Format

Send to:

Choose Destination
See comment in PubMed Commons below
Med Sci Sports Exerc. 2012 Nov;44(11):2220-7. doi: 10.1249/MSS.0b013e31825f67a0.

Psychological stress impairs short-term muscular recovery from resistance exercise.

Author information

  • 1Yale Stress Center, Yale University School of Medicine, New Haven, CT, USA. matthew.stults-kolehmainen@yale.edu

Abstract

PURPOSE:

The primary aim of this study was to determine whether chronic mental stress moderates recovery of muscular function, perceived energy, fatigue, and soreness in the first hour after a bout of strenuous resistance exercise.

METHODS:

Thirty-one undergraduate resistance training students (age = 20.26 ± 1.34 yr) completed the Perceived Stress Scale and Undergraduate Stress Questionnaire (USQ; a measure of life event stress) and completed fitness testing. After 5 to 14 d of recovery, they performed an acute heavy-resistance exercise protocol (10-repetition maximum (RM) leg press test plus six sets: 80%-100% of 10 RM). Maximal isometric force (MIF) was assessed before exercise, after exercise, and at 20, 40, and 60 min postexercise. Participants also reported their levels of perceived energy, fatigue, and soreness. Recovery data were analyzed with hierarchical linear modeling growth curve analysis.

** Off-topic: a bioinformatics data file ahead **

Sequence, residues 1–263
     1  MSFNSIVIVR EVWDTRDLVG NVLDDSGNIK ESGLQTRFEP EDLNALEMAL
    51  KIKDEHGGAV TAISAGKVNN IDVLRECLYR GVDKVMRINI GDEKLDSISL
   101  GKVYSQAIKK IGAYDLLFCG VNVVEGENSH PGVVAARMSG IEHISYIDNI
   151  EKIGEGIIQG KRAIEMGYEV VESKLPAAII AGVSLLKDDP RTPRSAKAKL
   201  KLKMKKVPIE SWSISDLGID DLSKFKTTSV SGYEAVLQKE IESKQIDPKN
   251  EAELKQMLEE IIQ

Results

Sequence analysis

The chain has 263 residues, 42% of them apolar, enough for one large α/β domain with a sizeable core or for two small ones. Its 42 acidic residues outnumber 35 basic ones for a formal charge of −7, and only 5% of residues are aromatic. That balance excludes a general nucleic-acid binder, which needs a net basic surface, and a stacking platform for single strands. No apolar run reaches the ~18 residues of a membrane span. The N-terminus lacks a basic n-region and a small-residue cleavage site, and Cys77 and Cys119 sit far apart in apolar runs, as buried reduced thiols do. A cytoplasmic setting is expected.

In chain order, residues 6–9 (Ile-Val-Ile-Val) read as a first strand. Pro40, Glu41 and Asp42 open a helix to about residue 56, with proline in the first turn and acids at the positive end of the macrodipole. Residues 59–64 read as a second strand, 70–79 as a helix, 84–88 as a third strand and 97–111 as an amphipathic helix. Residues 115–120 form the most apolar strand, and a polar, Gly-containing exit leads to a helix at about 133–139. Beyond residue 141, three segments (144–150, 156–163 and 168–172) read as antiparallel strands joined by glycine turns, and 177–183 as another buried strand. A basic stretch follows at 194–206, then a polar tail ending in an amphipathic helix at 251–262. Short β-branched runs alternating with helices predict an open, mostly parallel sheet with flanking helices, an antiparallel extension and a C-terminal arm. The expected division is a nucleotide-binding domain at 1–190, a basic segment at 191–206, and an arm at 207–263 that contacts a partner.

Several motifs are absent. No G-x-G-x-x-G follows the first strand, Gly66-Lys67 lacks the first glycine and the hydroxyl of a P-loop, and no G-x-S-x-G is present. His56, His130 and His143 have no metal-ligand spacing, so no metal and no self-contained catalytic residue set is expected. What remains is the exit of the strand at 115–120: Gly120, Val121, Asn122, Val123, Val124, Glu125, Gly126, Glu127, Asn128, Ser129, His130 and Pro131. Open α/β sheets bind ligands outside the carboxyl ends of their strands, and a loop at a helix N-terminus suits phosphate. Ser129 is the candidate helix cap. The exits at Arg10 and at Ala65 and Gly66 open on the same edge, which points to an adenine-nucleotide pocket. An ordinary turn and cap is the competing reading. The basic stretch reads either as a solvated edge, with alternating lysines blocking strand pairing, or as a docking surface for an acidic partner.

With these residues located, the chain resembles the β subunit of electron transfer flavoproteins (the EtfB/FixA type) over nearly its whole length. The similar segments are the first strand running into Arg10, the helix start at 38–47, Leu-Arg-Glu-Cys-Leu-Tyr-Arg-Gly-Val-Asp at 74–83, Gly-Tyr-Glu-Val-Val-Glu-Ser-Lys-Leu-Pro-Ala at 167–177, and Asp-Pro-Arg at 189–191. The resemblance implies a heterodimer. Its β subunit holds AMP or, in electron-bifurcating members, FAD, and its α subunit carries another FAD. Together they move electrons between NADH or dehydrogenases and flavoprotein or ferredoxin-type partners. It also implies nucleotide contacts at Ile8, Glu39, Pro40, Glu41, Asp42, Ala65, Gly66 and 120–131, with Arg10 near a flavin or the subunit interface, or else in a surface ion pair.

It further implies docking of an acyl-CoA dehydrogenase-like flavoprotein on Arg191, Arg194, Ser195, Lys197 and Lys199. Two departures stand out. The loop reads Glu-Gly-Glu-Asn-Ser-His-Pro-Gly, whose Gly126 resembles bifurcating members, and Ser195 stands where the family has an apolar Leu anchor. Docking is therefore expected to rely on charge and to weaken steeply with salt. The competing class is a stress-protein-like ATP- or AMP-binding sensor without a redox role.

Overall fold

RESULTS:

Life event stress significantly moderated linear (P = 0.013) and squared (P = 0.05) recovery of MIF. This relationship held even when the model was adjusted for fitness, workload, and training experience. Likewise, perceived stress moderated linear recovery of MIF (P = 0.023). Neither USQ nor Perceived Stress Scale significantly moderated changes in energy, fatigue, or soreness.

CONCLUSION:

Life event stress and perceived stress both moderated the recovery of muscular function, but not psychological responses, in the first hour after strenuous resistance exercise.

PMID:
22688829
[PubMed - indexed for MEDLINE]
PubMed Commons home

PubMed Commons

0 comments
How to join PubMed Commons

    Supplemental Content

    Full text links

    Icon for Lippincott Williams & Wilkins
    Loading ...
    Write to the Help Desk